Then, in July 2018, the UK government published a White Paper setting out its proposals for a more significant overhaul, enabling the government to review transactions for national security risks on an economy-wide basis, with sectors most likely to give rise to national security concerns to include national infrastructure, advanced technologies, direct suppliers to government/emergency services and dual-use technologies.
The proposed national security review will be a distinct regime with no turnover/market share requirements, so with the potential to capture smaller transactions. The triggers would be share acquisitions of 25 percent or more, or the acquisition of significant influence over an entity or asset. It would be a voluntary notification system, with the right to intervene where parties choose not to notify, and a six month call-in period post-completion.
The UK government has stressed that the UK remains open for investment (particularly important post-Brexit) and emphasizes in the White Paper the narrow national security grounds for review. However, Prime Minister May has previously declared the need for a “proper industrial strategy” to protect strategic interests (citing Pfizer’s attempted 2014 acquisition of AstraZeneca). The UK government expects to introduce a new regime from around May 2019.
Whilst Western states demonstrate an increased tendency to enact protectionist FDI-related policy, the reverse has been true in the Asia-Pacific region. In 2016, the Asia-Pacific saw the adoption of 52 FDI-related policies, 43 of which were facilitative of foreign investment. Between January 2017 and June 2018, 47 of the 74 FDI-related policies adopted in the region were characterized by the UN Economic and Social Commission as “liberalising” (with the remainder falling into the bracket of either “neutral” or “restrictive”).
During this latter period, it was China, India and Vietnam that were most active in this field with their policy-making activities weighted heavily towards measures that would liberalize their respective FDI regimes. Such efforts are reflected in the numbers, with 2018 seeing China attract a record $136 billion in investment, making it the second highest recipient of foreign capital worldwide.
This trend does not, however, hold true for every state in the Asia-Pacific region. In recent times, the region’s fourth most active policy-maker in this sphere has been Australia. However, despite being well-known for its strong and well-established FDI regime, over 70 percent of its recent policy amendments have either been regulatory or restrictive of FDI.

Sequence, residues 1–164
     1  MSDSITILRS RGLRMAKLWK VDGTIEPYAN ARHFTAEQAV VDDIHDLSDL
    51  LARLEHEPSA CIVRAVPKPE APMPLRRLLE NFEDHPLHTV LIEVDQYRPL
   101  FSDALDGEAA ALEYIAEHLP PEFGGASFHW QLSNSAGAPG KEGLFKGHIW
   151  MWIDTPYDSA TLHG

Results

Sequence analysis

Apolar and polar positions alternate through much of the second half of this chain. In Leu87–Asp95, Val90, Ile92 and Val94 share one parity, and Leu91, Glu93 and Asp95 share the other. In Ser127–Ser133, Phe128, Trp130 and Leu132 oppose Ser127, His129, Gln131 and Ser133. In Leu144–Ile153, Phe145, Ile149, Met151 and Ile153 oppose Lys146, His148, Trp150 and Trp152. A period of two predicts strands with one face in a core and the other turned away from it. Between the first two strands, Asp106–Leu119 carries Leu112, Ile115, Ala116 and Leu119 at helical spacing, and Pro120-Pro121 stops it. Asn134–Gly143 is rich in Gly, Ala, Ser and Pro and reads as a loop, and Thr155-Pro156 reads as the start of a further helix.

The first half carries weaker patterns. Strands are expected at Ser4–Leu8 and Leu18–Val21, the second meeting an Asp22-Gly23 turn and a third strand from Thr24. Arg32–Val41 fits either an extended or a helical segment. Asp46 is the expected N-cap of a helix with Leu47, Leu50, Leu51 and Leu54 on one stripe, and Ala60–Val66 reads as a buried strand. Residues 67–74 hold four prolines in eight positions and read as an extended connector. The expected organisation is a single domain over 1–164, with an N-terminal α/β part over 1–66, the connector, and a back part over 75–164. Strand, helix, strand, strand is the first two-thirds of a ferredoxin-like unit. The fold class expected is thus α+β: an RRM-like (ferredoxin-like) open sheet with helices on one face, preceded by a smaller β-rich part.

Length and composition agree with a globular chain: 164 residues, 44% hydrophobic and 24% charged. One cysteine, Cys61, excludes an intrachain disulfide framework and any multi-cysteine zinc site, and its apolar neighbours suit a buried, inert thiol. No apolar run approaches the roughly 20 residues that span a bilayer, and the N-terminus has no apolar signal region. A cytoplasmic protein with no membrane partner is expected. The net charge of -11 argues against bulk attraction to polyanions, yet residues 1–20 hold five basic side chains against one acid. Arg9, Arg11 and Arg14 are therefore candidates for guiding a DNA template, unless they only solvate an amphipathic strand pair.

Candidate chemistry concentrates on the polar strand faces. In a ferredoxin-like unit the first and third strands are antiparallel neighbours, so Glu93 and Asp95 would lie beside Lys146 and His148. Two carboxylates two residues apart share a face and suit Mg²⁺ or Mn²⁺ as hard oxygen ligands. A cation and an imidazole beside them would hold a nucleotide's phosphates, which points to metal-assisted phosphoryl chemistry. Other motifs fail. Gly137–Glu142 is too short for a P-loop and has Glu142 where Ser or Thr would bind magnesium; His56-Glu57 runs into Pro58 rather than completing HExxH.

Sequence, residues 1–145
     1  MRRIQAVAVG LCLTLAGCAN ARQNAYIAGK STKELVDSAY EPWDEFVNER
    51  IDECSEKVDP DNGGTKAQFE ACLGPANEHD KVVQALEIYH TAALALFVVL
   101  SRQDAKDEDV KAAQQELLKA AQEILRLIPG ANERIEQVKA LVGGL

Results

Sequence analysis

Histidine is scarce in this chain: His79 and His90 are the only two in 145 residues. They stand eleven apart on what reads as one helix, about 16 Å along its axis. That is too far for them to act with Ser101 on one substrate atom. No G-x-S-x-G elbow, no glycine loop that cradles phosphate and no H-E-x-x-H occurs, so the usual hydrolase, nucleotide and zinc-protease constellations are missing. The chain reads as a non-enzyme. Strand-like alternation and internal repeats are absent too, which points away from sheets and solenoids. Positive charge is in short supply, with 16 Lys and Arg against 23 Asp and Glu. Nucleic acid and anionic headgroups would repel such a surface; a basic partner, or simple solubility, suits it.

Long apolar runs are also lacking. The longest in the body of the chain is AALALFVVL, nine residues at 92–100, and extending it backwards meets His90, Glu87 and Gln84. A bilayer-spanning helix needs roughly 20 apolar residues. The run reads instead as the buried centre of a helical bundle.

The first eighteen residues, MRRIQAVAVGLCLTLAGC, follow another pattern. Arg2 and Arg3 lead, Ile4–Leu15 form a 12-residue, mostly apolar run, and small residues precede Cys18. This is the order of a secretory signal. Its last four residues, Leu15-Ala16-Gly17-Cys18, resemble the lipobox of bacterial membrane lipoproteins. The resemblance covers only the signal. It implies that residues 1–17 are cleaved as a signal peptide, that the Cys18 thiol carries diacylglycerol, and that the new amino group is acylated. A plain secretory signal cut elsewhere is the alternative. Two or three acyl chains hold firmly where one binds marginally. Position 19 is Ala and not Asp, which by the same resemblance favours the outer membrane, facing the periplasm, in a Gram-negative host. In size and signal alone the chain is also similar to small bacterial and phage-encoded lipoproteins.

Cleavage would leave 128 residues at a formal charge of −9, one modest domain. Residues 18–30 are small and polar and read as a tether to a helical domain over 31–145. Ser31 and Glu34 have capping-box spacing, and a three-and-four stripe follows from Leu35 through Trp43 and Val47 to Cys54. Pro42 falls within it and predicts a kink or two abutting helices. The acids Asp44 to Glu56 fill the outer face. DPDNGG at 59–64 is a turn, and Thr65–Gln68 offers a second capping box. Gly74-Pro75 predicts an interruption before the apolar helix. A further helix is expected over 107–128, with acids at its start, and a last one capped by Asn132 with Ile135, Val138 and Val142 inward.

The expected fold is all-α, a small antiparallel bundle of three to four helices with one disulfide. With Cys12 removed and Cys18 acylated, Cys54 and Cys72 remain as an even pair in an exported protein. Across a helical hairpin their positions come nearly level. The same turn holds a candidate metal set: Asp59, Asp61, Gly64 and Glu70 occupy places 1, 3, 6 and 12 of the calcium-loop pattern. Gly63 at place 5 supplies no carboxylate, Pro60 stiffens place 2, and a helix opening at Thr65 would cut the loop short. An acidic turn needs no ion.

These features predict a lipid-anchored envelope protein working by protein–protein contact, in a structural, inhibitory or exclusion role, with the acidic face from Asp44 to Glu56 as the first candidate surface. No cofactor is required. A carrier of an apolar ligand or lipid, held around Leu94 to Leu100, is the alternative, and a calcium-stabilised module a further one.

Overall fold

Australia has displayed a particularly protectionist approach to FDI from China. There has been recent political debate as to whether Australia’s Foreign Investment Review Board should allow a A$13 billion bid from a Chinese entity to buy APA Group and this tendency is likely to continue following the recent appointment of Scott Morrison as Prime Minister. During his time as federal Treasurer, Mr. Morrison gained somewhat of a reputation for blocking Chinese investments. Examples include blocked bids for electricity distributor, Ausgrid and for Australia’s largest private landowner, S. Kidman and Co. Limited.
In summary, the key impacts of foreign investment regimes on cross-border M&A are: (1) possible FDI approvals will need to be considered early, i.e., alongside antitrust merger filings; (2) FDI regimes are more unpredictable than antitrust reviews, with broader discretionary governmental powers and less transparency of decision-precedents, so early engagement with the relevant authorities is likely to be advisable; (3) given many regimes are suspensory, timing of deals may be significantly impacted; and (4) competing bid or, where hostile, defensive scenarios will be more complex.
Joseph Falcone is a disputes partner, James Robinson is a corporate partner and Veronica Roberts is a competition regulation and trade partner at Herbert Smith Freehills.
Reprinted with permission from the “October 29, 2018” edition of the “New York Law Journal” © 2018 ALM Media Properties, LLC. All rights reserved.
The contents of this publication are for reference purposes only and may not be current as at the date of accessing this publication. They do not constitute legal advice and should not be relied upon as such. Specific legal advice about your specific circumstances should always be sought separately before taking any action based on this publication.
© Herbert Smith Freehills 2022